Belinda looked straight into my eyes as she explained to me why she left her husband of 25 years: "I married when I was 17 years old. I didn't have an identity. I didn't even know who I was."

After a season of "discovering" many things about herself - that she was artistic, she loved people, she had a servant's heart to take care of others - she also realized she was a woman who loved God and wanted to be obedient to Him. She knew that meant not deserting her marriage vows. She returned to her marriage after a six-month separation and, 20 years later, is not regretting her decision to trust God with who He was - someone who would honor her if she held tight to her situation and trusted Him  over her own confusion about who she might or might not be.


Helen was truly a woman on the edge. Right out of high school, she married a man she barely knew and  spent much of her married life and growing up years searching for her identity, striving for peace in a stormy marriage, and struggling to keep her sanity while raising three young children. By the time her last child  reached high school, she divorced her husband whom she claimed "never really knew me," married an old boyfriend from high school "who has always thought the world of me" and moved on, claiming she had finally found herself. But today, in her mid 50s, she is divorced again, her children are estranged from her, and she continues to wonder if she is on the right path for her life.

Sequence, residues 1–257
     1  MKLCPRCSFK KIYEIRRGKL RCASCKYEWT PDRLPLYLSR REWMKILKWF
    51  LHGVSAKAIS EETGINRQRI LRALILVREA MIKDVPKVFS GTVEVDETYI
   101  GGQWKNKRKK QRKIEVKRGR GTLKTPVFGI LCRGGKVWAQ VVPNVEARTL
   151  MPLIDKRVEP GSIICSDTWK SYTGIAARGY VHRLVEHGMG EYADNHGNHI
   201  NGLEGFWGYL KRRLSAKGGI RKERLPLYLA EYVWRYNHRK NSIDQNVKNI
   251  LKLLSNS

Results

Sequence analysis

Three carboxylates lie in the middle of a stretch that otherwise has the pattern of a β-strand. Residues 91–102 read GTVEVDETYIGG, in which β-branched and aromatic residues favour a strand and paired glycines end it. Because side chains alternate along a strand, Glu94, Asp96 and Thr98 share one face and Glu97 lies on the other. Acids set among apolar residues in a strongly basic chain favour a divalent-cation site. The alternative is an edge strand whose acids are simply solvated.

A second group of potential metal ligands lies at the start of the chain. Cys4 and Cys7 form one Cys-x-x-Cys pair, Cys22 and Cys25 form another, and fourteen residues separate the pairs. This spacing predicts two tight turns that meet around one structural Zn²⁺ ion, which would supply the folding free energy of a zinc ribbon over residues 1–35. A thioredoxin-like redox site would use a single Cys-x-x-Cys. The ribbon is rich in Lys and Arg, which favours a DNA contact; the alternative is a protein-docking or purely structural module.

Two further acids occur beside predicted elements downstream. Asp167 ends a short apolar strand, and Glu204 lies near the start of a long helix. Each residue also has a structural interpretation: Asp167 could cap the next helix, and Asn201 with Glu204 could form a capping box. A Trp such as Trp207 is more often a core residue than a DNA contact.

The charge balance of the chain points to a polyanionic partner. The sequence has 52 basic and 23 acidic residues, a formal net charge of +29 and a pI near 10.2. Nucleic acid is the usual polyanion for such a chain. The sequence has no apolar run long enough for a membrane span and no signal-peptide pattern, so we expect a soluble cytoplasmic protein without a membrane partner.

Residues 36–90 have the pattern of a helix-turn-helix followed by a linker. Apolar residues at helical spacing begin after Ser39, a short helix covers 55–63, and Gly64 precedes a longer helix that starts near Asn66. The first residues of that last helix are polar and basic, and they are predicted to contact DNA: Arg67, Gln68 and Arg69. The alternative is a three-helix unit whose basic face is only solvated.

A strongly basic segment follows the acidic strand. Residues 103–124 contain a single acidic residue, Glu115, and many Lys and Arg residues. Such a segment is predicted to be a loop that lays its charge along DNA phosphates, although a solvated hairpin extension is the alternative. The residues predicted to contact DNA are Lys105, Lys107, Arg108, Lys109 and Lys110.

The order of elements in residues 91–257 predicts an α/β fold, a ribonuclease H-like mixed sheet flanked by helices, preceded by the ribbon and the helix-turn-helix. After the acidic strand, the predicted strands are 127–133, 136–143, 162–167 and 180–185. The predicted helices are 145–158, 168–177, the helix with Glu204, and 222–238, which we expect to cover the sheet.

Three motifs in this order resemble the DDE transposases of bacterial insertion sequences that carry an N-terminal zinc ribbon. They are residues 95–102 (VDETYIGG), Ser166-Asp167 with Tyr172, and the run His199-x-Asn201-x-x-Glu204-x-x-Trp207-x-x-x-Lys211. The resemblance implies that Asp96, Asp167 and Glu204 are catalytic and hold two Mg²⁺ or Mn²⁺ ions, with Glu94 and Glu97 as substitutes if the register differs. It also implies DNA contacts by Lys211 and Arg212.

And Kelly was a popular teenager - and the star of her school's track team -- when she broke her ankle in a cheerleading accident that ended her track career. Desperate to find out who she was - apart from the school's fastest runner - she fell into a downward spiral of eating disorders, out of an effort to not gain weight because of her inactivity, and to gain the attention of those who continued to compliment her on her weight. But several years later, she realized how she looked didn't fill her with a sense of significance. It only led her to a life-threatening addiction. 

What is at the root of our search for identity? Why are we so consumed with trying to "find" ourselves? Is there really a piece of us missing out there that we must find? I believe that, rather than needing to find ourselves, we need to forget about ourselves and focus on the One who created us to love Him and enjoy Him forever. I truly believe our struggle to find ourselves is really just an ignorance of who we are in the eyes of our Creator, an unawareness of how much we're worth in the eyes of our Redeemer, and an unclear picture of our ability to glorify Him simply by loving Him and living for Him.

Survival Steps for an Identity Crisis

A search for our identity can lead to broken relationships, depression, eating disorders, and even various addictions, especially if we believe our significance lies in who loves us, how we look, what we do, or what we weigh. And no matter what our area of weakness, and no matter what our age or stage in life, you and I can be tempted to go down a self-destructive path in searching for our identity.

To help you steer clear of a path toward destruction, Kelly (whose story is above) helped me come up with these "Survival Steps for a Current - or Coming - Identity Crisis":

Ignore the Lies and Invest in the Truth

There will be days when your own negative self talk tells you that you are worthless. There will be days when the enemy of your soul will torment you with feelings that you're not young enough, thin enough, or attractive enough to really be happy in life. There are days when the enemy will taunt you to start walking a path toward your own identity. But beware: Christ told us to lose our life (quit focusing on ourselves) in order to really find it. When you look at yourself, you will see your shortcomings, weaknesses, and mistakes. But, when you direct your gaze at Christ, you will find perfection, strength, unconditional love, beauty and completeness.